Feb 20, 2013 - By Katie Roenigk, Staff WriterThe Central Wyoming College Board of Trustees will select one of seven candidates Wednesday night to fill an open Subdistrict 2 seat representing Riverton and Shoshoni.
The position was vacated last month by Judy Pedersen, who resigned after being elected in November 2012 to four more years on the board. Her replacement will fill the spot through November 2014, when an election will determine who serves out the rest of the term.
Riverton's economic development director Phil Christopherson said he always includes CWC in tours of the city. He called the college a "marvelous institution" and an "incredible resource" to the community.
"I have worked closely with CWC in the past on various economic development projects and will bring the unique perspective of an economic developer to the board," Christopherson wrote in his letter of interest.
He recently completed his second term as president of the Wyoming Economic Development Association, and in 2010 Gov. Matt Mead appointed Christopherson as a board member on the Wyoming Workforce Development Council. He also has served on the board of directors for the Wyoming Business Alliance since 2007.
"I have served on numerous boards in the past and understand and support the need to be unbiased, fair-minded and a team player," Christopherson wrote.
Locally, he has managed several economic development projects, including the creation of the Brunton Outdoor Group building in Riverton and the construction of the BTI Railcar Repair facility in Shoshoni, as well as the rebuild and renovation of the IDEA building that now houses Legacy Moulding and a Bealls department store in Riverton.
The Wyoming native attended Natrona County High School in Casper, graduating in 1979. He grew up working for his family trucking business, PC Transport. Christopherson attended Ricks College in Rexburg, Idaho, and Casper College and graduated with an associate degree in business administration before moving to the University of Wyoming to study computer engineering. He graduated from UW with a bachelor's degree in electrical engineering in 1987.
Christopherson spent 11 years working for the Boeing Company in Seattle before deciding to move back to Wyoming. In 2000 he took a position as a field engineer with the UW Manufacturing Extension in Riverton, where he continues to work in partnership with IDEA Inc. He has been IDEA's executive director since 2004, and in 2006 he earned a master's degree in business from UW.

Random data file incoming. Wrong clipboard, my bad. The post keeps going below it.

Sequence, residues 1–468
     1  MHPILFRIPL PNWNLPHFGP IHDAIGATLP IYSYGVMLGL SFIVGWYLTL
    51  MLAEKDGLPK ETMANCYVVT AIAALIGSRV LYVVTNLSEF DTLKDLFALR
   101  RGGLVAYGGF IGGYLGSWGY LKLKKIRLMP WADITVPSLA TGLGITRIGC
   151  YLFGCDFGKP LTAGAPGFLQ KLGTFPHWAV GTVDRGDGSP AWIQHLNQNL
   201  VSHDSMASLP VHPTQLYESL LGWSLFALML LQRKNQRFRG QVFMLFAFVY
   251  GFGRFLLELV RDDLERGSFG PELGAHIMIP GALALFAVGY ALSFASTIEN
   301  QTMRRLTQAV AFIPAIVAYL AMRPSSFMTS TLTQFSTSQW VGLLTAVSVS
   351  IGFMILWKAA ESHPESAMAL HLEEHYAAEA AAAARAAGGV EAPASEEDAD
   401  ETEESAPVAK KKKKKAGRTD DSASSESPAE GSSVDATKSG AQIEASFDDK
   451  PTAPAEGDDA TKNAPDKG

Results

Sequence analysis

Robert Heuermann of Riverton has been associated with education throughout his 40-year career. He spent 20 years as a music educator with an emphasis on arts administration before becoming an insurance agent specializing in retirement planning for educators. Now retired, he serves as a coordinator in Wyoming for the American Association of Retired Persons Driver Safety Program and as Riverton's chief service officer for volunteerism.
"I am confident that my background and training, my strong commitment to lifelong learning, and my unswerving belief in the vital role of the community college in our society would enable me to be an asset to the CWC board," Heuermann wrote in his letter of interest. "I am aware of nothing which would impede my service in a fair and impartial manner."
The retired U.S. Marine Corps sergeant went to high school in Cody and earned his associate degree at Northwest Community College in Powell. He earned his bachelor's degree in music education and his master's degree in secondary education from the University of Wyoming but also has studied at Denver University, Northwestern University and at the University of Northern Colorado. He said he believes in contributing, as able, toward the betterment of society and said he is "dedicated to the pursuit of excellence."
As a medical instructor and former assistant professor, Jack Hildner of Riverton said he will be able to contribute to discussion about CWC's curriculum, staff and business if he is chosen to sit on the board.